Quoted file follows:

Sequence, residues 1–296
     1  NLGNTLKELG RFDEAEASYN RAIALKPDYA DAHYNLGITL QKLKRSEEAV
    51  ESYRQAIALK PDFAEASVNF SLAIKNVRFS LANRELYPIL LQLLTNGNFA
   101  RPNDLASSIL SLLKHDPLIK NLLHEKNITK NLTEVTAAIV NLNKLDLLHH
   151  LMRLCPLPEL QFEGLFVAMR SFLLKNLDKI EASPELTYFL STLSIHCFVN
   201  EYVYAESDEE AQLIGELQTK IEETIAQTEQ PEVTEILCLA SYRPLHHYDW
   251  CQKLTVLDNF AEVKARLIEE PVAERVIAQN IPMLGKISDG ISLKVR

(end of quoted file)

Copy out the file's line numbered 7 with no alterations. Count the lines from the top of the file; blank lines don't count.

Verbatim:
   251  CQKLTVLDNF AEVKARLIEE PVAERVIAQN IPMLGKISDG ISLKVR